Marian Keyes

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Marian Keyes
Born (1963-09-10) 10 September 1963 (age 51)
Limerick, Ireland
Occupation Writer, novelist
Nationality Irish
Alma mater Dublin University
Period 1995–present
Genre Women's literature
Subject Domestic violence, drug abuse, mental illness, divorce and alcoholism
Notable works Fiction
Watermelon (1995)
Lucy Sullivan is Getting Married (1996)
This Charming Man (2008)
Spouse Tony Baines (m. 1995)
Website
www.mariankeyes.com

Marian Keyes (born 10 September 1963) is an Irish novelist and non-fiction writer, best known for her work in women's literature. She is an Irish Book Awards winner. Over 22 million copies of her novels have been sold worldwide and her books have been translated into 32 languages.[1] She became known worldwide for the best-sellers, Watermelon, Lucy Sullivan is Getting Married, and This Charming Man, with themes including domestic violence and alcoholism.

Biography[edit]

Born in Limerick and raised in Monkstown, Keyes earned a law degree from Dublin University. After completing her studies, Keyes took an administrative job before moving to London in 1986. During this period she developed alcoholism and clinical depression, culminating in a suicide attempt and subsequent rehabilitation in 1995 at the Rutland Centre in Dublin, Ireland.

Keyes began writing short stories while struggling with alcoholism. After her treatment at the Rutland Centre she returned to her job in London and submitted her short stories to Poolbeg Press. The publisher encouraged her to submit a full-length novel and Keyes began work on her first book, Watermelon. The novel was published the same year.

Keyes currently lives in Dún Laoghaire with her husband Tony Baines, after returning to Ireland from London in 1997. Since 1995 she has published 12 novels and three works of nonfiction. After a long hiatus due to severe depression, a food title, Saved by Cake, is due to be released in February 2012.[2]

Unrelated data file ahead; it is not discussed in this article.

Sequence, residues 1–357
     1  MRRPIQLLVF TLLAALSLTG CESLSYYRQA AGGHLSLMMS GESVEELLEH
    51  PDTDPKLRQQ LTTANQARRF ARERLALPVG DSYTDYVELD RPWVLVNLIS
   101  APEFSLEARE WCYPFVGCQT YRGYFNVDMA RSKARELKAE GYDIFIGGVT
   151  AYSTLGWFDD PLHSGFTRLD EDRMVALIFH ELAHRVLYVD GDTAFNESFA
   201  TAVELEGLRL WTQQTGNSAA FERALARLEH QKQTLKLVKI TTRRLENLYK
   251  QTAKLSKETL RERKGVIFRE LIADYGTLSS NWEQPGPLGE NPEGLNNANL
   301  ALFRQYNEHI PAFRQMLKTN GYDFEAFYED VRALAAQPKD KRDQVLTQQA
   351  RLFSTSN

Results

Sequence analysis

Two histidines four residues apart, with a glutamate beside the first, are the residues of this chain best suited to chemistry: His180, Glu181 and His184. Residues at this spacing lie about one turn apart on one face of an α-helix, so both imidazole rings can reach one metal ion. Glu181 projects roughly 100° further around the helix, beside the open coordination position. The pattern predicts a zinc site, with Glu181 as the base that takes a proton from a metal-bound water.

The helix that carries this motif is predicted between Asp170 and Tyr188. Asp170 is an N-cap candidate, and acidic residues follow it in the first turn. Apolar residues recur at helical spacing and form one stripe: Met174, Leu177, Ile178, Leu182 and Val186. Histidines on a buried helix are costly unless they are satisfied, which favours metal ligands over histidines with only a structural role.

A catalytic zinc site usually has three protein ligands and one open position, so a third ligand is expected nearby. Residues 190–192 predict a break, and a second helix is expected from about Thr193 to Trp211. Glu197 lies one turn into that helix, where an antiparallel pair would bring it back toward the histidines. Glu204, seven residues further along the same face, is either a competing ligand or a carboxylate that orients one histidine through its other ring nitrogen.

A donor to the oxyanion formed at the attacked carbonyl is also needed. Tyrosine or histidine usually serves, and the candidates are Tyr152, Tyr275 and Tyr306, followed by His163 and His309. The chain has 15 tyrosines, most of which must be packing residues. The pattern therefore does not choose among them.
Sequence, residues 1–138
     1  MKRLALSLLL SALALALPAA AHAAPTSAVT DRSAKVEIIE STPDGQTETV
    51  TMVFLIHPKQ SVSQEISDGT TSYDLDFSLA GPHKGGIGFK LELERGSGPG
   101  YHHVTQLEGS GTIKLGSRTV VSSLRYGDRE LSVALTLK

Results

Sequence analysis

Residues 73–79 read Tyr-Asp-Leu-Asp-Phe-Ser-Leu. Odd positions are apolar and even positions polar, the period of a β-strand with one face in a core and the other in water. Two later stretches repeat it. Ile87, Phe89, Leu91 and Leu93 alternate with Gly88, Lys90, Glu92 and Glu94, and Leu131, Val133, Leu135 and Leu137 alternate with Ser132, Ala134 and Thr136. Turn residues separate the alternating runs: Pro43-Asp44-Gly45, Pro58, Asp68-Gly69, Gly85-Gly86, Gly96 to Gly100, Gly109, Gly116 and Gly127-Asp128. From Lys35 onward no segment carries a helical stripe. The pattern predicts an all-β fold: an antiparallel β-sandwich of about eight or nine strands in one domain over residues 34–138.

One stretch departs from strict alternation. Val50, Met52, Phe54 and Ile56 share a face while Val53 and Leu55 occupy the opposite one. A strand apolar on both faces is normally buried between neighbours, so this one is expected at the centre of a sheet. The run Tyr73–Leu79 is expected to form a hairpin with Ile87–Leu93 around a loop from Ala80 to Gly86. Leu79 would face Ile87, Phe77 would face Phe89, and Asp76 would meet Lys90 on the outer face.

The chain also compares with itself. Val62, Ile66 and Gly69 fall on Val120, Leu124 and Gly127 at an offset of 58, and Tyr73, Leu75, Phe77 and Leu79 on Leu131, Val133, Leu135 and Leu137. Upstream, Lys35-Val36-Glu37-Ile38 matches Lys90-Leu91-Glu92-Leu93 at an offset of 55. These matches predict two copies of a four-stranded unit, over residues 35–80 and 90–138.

Keyes has written frankly about her battle with clinical depression.[1]

Three years ago best-selling novelist Keyes announced that shattering depression had left her unable to sleep, read write or talk. [3]

Style[edit]

Although many of her novels are known as comedies, they revolve around dark themes often drawn from Keyes' own experiences, including domestic violence, drug abuse, mental illness, divorce and alcoholism.

She is regarded as a pioneer of the 'chick-lit' genre;[1] her stories usually revolve around a strong female character who overcomes numerous obstacles to achieve lasting happiness.

Bibliography[edit]

Fiction[edit]

  • Watermelon (1995) (Claire Walsh)
  • Lucy Sullivan is Getting Married (1996)
  • Rachel's Holiday (1998) (Rachel Walsh)
  • Last Chance Saloon (1999)
  • Sushi for Beginners (2000)
  • No Dress Rehearsal (2000)
  • Angels (2002) (Maggie Walsh)
  • The Other Side of the Story (2004)
  • Nothing Bad ever Happens in Tiffany's (2005)
  • Anybody Out There? (2006) (Anna Walsh)
  • This Charming Man (2008)
  • The Brightest Star in the Sky (2009)
  • Mammy Walsh's A-Z of the Walsh Family: An e-book Short (August 2012)
  • The Mystery of Mercy Close (September 2012) (Helen Walsh)

Non-fiction[edit]

  • Under the Duvet (2001)
  • Further under the Duvet (2005)
  • Cracks In My Foundation in Damage Control – Women on the Therapists, Beauticians, and Trainers Who Navigate Their Bodies edited by Emma Forrest (2007)
  • Saved by Cake (2012)

Film & television adaptations[edit]

Awards[edit]

  • 2009 – Irish Book Awards; Irish Popular Fiction Book from This Charming Man (Won)

References[edit]

  1. ^ a b c Bates, Daniel (6 January 2010). "Marian Keyes apologises to fans for crippling depression which has left her unable to sleep, read, write or talk". Daily Mail (London). 
  2. ^ Williams, Charlotte (23 September 2011). "Marian Keyes to write cookery for MJ spring list". TheBookseller.com (London). Retrieved 5 January 2012. 
  3. ^ Keyes, Marian (14 September 2012). "My midlife meltdown: MARIAN KEYES tells terrifying story detailing the reality of a breakdown". Daily Mail (London). Retrieved 15 December 2012. 

External links[edit]